executions in the world:

In 2022


2000 to present



  • Abolitionist
  • retentionist
  • De facto abolitionist
  • Moratorium on executions
  • Abolitionist for ordinary crimes
  • Committed to abolishing the death penalty


government: semi-presidential republic
state of civil and political rights: Partly free
constitution: 21 December 1979
legal system: mixture of Roman-Dutch and English common law
legislative system: bicameral Parliament consists of a Senate and a House of Assembly
judicial system: Supreme Court; Constitutional Court
religion: syncretic (part Christian, part indigenous beliefs) 50%, Christian 25%, indigenous beliefs 24%, Muslim and other 1%
death row: 85 (as of 31 March 2018, according to official data)
year of last executions: 0-0-2003
death sentences: 9
executions: 0
international treaties on human rights and the death penalty:

International Covenant on Civil and Political Rights

Convention on the Rights of the Child

Statute of the International Criminal Court (which excludes the death penalty) (only signed)

Since July 2015, Zimbabwe can be considered de facto abolitionist country, after ten consecutive years without carrying out executions.
Since independence from Britain in 1980, according to official figures, 79 people were executed in Zimbabwe. The last person to be executed was Mandlenkosi “Never” Masina Mandha, who was hanged on 22 July 2005 after being convicted of murder.
Zimbabwe’s new Constitution, which was approved by 94.5% of voters in a constitutional referendum held in March 2013, abolished the death sentence for women and those under the age of 21 and above 70 years. “Every person has the right to life,” is written in Section 48 the new Charter. However, “A law may permit the death penalty to be imposed only on a person convicted of murder committed in aggravating circumstances,” it adds. “The law must permit the court a discretion whether or not to impose the penalty,” the Constitution states.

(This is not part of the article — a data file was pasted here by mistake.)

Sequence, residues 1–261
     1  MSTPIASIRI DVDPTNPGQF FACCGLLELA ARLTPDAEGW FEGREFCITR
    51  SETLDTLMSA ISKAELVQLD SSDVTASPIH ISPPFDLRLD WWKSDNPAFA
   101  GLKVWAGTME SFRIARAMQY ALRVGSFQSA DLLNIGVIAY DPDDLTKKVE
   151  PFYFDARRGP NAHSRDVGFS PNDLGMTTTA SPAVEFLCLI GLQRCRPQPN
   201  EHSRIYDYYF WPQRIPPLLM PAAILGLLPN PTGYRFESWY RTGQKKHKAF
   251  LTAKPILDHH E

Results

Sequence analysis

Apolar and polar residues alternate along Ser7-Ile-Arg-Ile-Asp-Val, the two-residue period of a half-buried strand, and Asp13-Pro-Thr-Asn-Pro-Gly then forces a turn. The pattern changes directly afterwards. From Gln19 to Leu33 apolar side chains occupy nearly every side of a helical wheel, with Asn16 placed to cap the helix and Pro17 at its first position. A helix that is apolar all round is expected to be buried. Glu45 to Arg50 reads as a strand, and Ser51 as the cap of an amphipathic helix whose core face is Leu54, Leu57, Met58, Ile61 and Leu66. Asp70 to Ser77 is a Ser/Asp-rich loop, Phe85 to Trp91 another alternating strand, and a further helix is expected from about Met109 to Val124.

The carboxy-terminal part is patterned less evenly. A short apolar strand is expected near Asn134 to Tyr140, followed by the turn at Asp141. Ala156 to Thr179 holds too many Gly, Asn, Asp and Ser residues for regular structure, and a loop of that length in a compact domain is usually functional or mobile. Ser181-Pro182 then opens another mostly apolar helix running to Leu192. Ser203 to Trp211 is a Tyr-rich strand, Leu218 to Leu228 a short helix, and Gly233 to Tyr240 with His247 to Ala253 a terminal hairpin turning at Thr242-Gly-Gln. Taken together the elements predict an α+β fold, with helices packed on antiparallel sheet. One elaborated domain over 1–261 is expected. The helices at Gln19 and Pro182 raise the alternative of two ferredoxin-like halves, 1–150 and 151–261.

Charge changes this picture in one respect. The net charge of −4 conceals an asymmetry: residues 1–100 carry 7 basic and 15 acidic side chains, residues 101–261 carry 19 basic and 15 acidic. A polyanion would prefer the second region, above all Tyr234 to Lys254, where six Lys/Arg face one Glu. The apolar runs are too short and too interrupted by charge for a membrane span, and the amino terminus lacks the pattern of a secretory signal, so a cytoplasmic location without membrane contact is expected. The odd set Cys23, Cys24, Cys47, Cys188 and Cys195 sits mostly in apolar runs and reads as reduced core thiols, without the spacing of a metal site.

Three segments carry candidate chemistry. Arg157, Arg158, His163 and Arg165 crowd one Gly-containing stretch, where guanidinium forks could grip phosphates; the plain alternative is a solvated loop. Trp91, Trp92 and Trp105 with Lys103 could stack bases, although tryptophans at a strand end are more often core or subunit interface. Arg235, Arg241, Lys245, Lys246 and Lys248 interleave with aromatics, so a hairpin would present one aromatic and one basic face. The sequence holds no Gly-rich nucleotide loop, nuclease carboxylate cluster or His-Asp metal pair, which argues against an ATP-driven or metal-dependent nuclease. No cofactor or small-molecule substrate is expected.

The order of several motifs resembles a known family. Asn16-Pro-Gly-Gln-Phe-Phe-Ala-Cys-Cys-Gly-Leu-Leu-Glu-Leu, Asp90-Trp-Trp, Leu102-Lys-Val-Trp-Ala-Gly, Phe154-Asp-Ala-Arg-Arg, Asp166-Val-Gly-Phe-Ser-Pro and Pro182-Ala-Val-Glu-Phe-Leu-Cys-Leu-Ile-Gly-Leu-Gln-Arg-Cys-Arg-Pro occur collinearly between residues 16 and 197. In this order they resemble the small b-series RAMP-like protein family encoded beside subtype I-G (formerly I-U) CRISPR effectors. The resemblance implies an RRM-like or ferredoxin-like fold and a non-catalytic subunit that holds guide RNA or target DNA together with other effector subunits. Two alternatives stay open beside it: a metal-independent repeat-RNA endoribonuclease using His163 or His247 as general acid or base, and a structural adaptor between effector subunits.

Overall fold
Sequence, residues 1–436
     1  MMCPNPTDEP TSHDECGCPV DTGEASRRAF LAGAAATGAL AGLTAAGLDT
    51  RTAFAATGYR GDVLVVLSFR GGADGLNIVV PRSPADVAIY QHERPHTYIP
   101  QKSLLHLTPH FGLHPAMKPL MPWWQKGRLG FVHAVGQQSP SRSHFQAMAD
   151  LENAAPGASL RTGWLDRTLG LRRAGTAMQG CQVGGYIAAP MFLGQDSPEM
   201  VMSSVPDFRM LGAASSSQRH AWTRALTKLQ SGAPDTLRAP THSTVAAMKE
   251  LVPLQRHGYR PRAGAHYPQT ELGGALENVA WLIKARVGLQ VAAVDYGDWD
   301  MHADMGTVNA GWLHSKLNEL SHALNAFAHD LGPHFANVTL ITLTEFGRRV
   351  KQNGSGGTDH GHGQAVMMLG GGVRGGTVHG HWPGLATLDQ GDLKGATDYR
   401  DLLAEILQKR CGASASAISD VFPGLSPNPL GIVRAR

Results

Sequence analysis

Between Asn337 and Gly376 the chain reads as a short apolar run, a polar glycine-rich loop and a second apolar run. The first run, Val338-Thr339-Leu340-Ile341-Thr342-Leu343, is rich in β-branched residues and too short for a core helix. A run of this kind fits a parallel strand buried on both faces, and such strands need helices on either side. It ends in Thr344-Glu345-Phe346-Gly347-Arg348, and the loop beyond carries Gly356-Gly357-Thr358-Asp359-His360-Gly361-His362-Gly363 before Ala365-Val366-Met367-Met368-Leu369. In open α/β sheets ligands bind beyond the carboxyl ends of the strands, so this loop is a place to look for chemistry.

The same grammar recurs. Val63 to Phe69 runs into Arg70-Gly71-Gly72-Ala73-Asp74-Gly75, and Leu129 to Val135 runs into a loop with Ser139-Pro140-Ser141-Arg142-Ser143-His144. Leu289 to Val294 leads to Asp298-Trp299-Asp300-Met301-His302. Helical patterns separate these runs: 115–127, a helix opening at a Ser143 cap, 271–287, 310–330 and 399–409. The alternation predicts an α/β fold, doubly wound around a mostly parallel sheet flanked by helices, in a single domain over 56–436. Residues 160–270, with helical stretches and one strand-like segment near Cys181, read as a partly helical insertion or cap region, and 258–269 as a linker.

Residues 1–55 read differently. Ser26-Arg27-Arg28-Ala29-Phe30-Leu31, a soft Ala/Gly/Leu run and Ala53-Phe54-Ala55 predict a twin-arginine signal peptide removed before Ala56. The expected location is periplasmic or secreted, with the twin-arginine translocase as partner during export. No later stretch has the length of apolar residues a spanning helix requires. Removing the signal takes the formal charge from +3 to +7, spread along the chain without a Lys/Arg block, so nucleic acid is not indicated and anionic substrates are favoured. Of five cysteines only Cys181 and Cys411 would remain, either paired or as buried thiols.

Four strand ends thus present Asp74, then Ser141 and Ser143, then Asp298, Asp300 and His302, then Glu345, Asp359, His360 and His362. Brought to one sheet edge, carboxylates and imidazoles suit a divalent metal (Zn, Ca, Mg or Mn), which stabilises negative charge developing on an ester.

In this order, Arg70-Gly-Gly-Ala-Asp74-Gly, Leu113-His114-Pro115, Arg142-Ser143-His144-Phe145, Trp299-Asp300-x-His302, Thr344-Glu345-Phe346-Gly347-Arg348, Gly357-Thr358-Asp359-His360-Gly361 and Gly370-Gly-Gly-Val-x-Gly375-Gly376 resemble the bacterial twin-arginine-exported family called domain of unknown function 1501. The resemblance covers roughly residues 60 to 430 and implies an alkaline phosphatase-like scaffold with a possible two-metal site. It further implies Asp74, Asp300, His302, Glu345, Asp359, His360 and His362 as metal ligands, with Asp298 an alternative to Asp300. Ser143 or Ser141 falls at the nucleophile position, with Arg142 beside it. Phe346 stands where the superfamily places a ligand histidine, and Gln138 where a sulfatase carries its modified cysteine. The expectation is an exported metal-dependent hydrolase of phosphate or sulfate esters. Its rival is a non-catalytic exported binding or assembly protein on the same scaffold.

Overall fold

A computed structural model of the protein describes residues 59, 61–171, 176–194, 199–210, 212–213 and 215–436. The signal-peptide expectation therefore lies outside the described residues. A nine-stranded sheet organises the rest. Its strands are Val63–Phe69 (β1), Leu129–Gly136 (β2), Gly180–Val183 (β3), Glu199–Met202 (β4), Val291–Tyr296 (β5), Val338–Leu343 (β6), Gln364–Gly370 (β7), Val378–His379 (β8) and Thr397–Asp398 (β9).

On 21 October 2014, the High Court ruled that the death penalty cannot be imposed on murderers in Zimbabwe until the legislature enacts a law spelling out the circumstances under which one can be hanged.

At the end of 2017, President Robert Mugabe was deposed after 37 years of ruinous rule, and replaced by Emmerson Mnangagwa, who promised "a new democracy".
The change of power is also significant for the Zimbabwe’s death penalty policy. Mugabe, around the time of his departure from office, had plans to resume executions. Advertisements were placed to recruit a hangman – a position that had been vacant since 2005. Mnangagwa, on the other hand, has been vocal in his opposition to the death penalty. Significantly, he himself had faced the prospect of being hanged under the government of Ian Smith, against which he fought during the liberation war.
On 22 March 2018, President Emmerson Mnangagwa has effectively commuted death row inmates' sentences to life‚ as part of a presidential pardon to 3‚000 inmates in overcrowded Zimbabwean prisons. "Commutation of the death sentence to life imprisonment is hereby granted to all prisoners who have been on death row for ten years and above‚" the President said.
At least 16 inmates sentenced to death have escaped the hangman’s noose and, according to local press, there were at the moment of the amnesty 101 death row inmates, so the total number reduced to 85.
Among those commuted, also a woman, Yvonne Musarurwa‚ a Movement for Democratic Change (MDC) activist‚ who was jailed for killing a police officer‚ Inspector Peter Mutedza‚ in 2013 before that year's general elections.

In 2017, at least 11 new death sentence were imposed.
In 2015, at least 6 new death sentence were imposed in Zimbabwe.

Harare Central Prison is the only prison designed for death row inmates but some of the prisoners sentenced to death were now being kept at Chikurubi Maximum Prison because of shortage of space, a situation that has left a number of the condemned prisoners subjected to psychological torture as a result of the delays in carrying out the executions. 

United Nations
On 2 November 2016, Zimbabwe was reviewed under the Universal Periodic Review (UPR) of the UN Human Rights Council. The country’s delegation accepted recommendations to abolish the death penalty and consider ratifying the Second Optional Protocol to the ICCPR as well the CAT and to “take measures” to abolish the death penalty.
On 19 December 2016, Zimbabwe, for the first time, abstained on the Resolution on a Moratorium on the Use of the Death Penalty at the UN General Assembly. It previously voted against.
On 17 December 2018, Zimbabwe voted against the esolution on a Moratorium on the Use of the Death Penalty at the UN General Assembly.




Death penalty for violent crimes